SIDNEY — The 73rd Ohio Volunteer Infantry Regimental Band will return to Sidney for the Civil War Living History Weekend, Sept.15.
The band performed at the inaugural event in 2016, and will be back by popular demand.
The 73rd Ohio Volunteer Infantry Regimental Band will perform at 9:30 a.m. in downtown Sidney and again at 7 p.m. in the Geib Pavilion located in the Baumgardner Basin in Tawawa Park. It will also provide limited musical selections Sunday morning, Sept. 16, following the Catholic Mass and during the Methodist worship service.
The 73rd Ohio Volunteer Infantry Regiment Band, in its current form, was established in 2011. The organization exists for the purpose of enriching and entertaining the modern public with historically authentic music and playing techniques contemporary to the time period of the War of the Rebellion.
Its music is presented, whenever possible, through performance with instrumentation typical of authentic military regimental brass bands of the Civil War era. The 73rd Ohio Volunteer Infantry Regiment Band is based in Waverly. Members of the band hail from throughout Ohio.
At the start of the Civil War, there were few military bands. The few that did exist included the U.S. Marine Band, The U.S. Military Academy Band, several Regular Army regimental bands and bands associated with state militias.
Militia bands were very highly valued by the local militias as they participated in musters, ceremonies and parades and were useful in recruiting soldiers. As state and local militias were mustered into regular service, they naturally took along their bands. Within a few months of the start of the war, Congress authorized the creation of regimental bands for the Regular Army.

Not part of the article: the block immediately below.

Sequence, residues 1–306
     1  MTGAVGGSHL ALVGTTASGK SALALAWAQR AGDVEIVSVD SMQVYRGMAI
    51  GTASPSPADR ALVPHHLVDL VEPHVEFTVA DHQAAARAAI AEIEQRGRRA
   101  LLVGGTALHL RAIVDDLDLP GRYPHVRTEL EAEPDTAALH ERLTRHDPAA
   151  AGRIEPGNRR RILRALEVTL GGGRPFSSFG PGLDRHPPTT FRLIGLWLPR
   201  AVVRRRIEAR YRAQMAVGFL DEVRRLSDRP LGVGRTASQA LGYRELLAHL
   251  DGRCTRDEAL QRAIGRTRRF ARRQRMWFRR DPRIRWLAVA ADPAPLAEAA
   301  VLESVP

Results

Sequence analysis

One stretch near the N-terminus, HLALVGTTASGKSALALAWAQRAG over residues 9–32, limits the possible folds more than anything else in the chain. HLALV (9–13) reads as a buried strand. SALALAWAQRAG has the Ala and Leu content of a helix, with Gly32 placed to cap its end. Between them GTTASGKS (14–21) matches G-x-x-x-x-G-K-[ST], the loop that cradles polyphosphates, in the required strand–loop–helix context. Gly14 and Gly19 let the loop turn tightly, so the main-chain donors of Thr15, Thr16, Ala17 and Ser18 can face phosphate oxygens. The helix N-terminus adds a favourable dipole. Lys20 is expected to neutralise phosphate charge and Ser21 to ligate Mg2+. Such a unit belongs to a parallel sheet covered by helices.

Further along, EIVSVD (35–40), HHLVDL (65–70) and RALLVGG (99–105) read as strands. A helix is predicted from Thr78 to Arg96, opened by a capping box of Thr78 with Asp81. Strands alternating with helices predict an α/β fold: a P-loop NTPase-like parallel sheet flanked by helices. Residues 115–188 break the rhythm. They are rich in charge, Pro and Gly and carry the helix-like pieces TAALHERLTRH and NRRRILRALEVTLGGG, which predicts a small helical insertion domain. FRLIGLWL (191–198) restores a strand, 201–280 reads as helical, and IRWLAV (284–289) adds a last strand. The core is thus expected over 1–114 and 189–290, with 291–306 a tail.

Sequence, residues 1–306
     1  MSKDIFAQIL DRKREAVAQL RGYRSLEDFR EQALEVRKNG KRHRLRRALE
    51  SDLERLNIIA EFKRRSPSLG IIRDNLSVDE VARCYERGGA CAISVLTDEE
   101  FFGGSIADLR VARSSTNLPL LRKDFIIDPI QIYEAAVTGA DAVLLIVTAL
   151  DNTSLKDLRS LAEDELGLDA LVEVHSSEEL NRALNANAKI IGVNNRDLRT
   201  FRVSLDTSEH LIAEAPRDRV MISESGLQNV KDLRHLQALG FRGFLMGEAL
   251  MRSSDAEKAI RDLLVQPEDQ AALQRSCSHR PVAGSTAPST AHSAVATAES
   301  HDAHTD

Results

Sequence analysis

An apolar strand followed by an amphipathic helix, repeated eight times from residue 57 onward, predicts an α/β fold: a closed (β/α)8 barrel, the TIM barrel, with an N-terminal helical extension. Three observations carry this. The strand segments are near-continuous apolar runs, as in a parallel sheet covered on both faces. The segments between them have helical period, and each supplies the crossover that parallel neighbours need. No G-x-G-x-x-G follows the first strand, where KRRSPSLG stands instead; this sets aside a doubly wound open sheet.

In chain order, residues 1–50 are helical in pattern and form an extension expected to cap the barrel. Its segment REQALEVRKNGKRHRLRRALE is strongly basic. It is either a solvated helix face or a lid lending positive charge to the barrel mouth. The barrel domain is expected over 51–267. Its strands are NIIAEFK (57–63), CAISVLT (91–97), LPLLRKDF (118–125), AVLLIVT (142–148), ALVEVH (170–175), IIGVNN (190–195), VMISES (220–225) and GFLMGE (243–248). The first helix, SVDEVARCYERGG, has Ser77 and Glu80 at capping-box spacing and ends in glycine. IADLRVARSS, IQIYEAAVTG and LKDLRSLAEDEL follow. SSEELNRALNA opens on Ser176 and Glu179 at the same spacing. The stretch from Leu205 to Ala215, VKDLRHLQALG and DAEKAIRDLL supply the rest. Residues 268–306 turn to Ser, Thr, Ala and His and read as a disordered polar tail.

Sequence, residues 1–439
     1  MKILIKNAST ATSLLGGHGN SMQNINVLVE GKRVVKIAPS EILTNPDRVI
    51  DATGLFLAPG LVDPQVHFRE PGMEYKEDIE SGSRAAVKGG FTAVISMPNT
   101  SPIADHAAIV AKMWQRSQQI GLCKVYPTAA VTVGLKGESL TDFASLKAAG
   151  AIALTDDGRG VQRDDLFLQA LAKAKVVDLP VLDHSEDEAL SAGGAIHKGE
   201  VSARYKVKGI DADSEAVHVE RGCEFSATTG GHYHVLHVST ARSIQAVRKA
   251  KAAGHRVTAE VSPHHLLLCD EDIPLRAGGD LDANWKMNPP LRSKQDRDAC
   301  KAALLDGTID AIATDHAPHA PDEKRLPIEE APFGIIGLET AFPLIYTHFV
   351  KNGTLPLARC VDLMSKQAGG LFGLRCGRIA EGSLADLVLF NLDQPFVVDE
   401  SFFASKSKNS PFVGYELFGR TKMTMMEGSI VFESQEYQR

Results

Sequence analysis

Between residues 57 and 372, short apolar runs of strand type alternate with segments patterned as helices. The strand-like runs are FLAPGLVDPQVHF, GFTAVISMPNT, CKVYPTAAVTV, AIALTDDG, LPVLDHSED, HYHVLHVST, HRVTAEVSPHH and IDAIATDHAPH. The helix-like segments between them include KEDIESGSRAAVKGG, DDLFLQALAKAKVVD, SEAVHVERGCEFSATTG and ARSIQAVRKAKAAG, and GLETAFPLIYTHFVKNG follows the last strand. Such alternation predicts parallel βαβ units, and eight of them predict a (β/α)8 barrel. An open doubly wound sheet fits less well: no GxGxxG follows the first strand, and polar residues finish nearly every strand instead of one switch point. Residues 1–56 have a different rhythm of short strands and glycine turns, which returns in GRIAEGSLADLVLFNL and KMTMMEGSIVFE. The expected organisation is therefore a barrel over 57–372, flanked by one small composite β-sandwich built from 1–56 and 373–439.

The War Department issued General Order No. 48, July 31, 1861. It entitled two field musicians (buglers or fifes and drummers) per company (80-100 men) of soldiers and a band of 16 to 24 musicians for each regiment (800-1000 soldiers). This led to the formation of hundreds of bands and the enlistment of thousands of musicians whose duties were solely to provide music for the Army.
The musicians were considered noncombatants and initially had few duties outside their musical ones. These brass bands played a significant role in the life of soldiers. They were the pride of their units, and it was acknowledged that they provided a boost to morale that was so badly needed.
Later during the Civil War, military bands often were assigned battlefield chores. Those chores included serving as stretcher bearers, assisting in medical operations and even assisting with the burial of the dead.
Sidney, Ohio’s Civil War Living History Weekend is scheduled for Saturday, Sept. 15, and Sunday, Sept. 16, in Tawawa Park. The event is free and open to the public.